By Basil Katz
NEW YORK (Reuters) - New York Governor David Paterson on Monday restated his intention to run for governor and denied rumors he might resign over potentially scandalous allegations in a forthcoming news report that fueled new speculation about his political future.
Paterson, already facing a probable challenge for the Democratic Party nomination from state Attorney General Andrew Cuomo, took over as governor in 2008 after then-Governor Eliot Spitzer resigned in a prostitution scandal.
Media blogs including the Huffington Post have been reporting The New York Times will soon publish a story so explosive that Paterson would have to resign.
But Paterson told that newspaper's editorial board he had no intention of quitting and would formally announce his candidacy in the next two weeks.
"I don't see any reason that I shouldn't be running for governor," he said on Monday.
Earlier, Paterson's spokeswoman said reports of his impending resignation were "entirely fabricated."
"This is a new low even by the standards of Planet Albany," Marissa Shorenstein said by e-mail in a reference to the state capital. "The circus of the past week, entirely fabricated out of thin air and innuendo, is an embarrassment for all who have played a role in fueling it."
When he became governor, Paterson admitted he had been unfaithful to his wife.
New York political watchers expect Paterson to face a primary election challenge in September from Cuomo, son of former Governor Mario Cuomo and a former housing secretary under President Bill Clinton.
Cuomo, who leads Paterson in opinion polls, has raised $16 million compared with Paterson's $3 million, although the attorney general has yet to officially declare his candidacy.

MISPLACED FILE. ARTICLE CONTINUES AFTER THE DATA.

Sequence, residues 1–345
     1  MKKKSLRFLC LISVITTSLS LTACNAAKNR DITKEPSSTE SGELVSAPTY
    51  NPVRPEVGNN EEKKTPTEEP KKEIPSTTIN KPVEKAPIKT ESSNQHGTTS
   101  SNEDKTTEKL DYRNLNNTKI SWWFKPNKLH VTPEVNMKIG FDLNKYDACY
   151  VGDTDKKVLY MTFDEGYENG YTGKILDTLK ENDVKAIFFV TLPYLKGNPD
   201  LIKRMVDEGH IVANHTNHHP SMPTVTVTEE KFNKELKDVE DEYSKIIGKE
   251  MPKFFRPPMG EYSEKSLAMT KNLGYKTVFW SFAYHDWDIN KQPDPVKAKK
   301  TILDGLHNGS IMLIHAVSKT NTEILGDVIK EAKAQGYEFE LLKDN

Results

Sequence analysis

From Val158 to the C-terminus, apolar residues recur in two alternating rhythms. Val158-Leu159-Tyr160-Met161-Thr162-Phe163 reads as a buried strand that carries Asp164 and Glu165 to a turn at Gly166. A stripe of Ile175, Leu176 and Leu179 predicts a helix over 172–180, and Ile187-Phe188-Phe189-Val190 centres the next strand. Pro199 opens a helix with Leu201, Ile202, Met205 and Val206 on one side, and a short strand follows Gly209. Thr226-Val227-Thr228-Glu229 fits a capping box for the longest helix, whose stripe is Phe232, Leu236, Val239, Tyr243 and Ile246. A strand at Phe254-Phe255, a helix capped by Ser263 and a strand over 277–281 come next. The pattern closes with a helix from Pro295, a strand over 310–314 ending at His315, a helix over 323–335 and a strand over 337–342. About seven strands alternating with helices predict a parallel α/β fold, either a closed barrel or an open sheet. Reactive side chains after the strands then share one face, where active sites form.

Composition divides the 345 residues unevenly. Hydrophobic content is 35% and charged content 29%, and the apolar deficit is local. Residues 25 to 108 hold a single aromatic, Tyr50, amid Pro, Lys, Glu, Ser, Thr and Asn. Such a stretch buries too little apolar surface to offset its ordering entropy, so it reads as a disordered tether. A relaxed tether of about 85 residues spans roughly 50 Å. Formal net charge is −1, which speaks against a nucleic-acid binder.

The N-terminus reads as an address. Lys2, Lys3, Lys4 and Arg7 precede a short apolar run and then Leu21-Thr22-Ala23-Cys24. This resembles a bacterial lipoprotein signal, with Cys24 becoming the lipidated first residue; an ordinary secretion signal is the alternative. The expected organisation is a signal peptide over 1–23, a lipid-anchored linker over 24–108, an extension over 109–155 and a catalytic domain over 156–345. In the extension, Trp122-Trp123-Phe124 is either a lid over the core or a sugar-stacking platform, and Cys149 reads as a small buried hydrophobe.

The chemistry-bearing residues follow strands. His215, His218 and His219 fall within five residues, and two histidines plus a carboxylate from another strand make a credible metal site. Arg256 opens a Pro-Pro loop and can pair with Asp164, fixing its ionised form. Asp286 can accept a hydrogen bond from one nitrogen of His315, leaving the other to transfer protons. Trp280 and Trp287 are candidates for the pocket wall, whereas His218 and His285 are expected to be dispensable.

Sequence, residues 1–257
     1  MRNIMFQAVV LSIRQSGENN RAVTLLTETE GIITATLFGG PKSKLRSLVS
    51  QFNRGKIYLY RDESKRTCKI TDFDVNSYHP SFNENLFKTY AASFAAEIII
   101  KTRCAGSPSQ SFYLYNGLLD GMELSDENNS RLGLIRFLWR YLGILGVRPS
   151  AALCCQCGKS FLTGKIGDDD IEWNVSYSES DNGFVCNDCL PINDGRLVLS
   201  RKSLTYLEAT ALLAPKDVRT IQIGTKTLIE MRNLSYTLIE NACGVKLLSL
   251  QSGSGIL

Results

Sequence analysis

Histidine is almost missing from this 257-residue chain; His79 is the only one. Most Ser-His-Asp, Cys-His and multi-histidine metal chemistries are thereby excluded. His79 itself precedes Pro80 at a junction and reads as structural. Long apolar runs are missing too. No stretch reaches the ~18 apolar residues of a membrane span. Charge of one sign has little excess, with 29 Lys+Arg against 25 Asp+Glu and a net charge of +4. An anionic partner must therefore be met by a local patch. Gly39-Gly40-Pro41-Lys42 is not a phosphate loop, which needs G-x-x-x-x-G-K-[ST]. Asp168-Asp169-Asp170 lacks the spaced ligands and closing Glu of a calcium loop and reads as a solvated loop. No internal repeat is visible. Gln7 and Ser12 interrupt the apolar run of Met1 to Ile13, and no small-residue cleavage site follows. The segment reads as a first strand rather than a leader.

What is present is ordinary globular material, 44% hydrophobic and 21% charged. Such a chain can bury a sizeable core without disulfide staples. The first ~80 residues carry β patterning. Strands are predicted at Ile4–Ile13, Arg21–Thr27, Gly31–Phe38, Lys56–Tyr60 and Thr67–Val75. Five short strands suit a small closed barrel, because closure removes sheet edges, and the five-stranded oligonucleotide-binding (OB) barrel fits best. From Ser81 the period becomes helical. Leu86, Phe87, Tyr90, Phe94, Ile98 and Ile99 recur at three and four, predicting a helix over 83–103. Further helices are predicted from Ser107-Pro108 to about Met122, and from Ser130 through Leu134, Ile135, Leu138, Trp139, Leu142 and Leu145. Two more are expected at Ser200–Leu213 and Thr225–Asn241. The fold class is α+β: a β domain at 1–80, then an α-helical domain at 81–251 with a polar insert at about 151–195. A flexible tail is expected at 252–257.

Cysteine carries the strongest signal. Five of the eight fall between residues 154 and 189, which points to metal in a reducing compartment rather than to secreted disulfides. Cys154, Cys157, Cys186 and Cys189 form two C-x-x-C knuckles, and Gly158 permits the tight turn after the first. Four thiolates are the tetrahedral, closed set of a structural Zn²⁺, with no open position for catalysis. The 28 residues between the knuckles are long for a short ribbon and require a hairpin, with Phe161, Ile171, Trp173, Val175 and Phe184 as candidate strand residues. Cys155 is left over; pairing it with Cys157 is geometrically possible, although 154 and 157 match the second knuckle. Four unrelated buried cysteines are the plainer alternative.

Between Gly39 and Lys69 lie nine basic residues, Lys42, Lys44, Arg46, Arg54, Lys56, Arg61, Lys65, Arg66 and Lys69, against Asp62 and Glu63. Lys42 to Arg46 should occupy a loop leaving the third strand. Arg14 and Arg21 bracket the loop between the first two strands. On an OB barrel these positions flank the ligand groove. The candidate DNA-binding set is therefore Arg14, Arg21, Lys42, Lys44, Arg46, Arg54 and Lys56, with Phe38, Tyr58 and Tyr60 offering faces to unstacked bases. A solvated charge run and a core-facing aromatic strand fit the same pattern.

Paterson's approval rating has been low for months and last week hit 26 percent in one statewide poll. He is grappling with a budget deficit that has risen $750 million to $8.2 billion since he proposed a $136 billion budget in January.
President Barack Obama asked Paterson months ago not to run for election this year because he could not win, according to a New York Times report last September.
"I think they are circling around him," said Lee Miringoff, director of the Marist Institute for Public Opinion. "Conventional wisdom is that he won't end up running. This could be the last straw or the final act."
PATERSON STILL COMBATIVE
Paterson told The Times' editorial board that Cuomo's popularity was due largely to him avoiding political risks and benefiting from a popular post in government.
"The public ... want to know a little more about a candidate other than the fact that he raises money and he has high poll numbers." Paterson said. "I don't know an attorney general that had low poll numbers. You don't usually have low poll numbers when you arrest people so much."
Times spokeswoman Diane McNulty declined to comment.
Cuomo is credited for having carried on where Spitzer, his predecessor as attorney general, left off in investigating financial crimes.
Cuomo led in forcing many big U.S. and foreign banks to unfreeze tens of billions of dollars of so-called auction-rate securities. He has also won several guilty pleas in his criminal probe into corruption involving the state's pension fund, one of the nation's largest.
Last week, Cuomo filed civil fraud charges against Bank of America Corp and two top executives over the company's controversial takeover of Merrill Lynch & Co.
(Additional reporting by Joan Gralla, Jonathan Stempel and Thomas Ferraro; Editing by John O'Callaghan)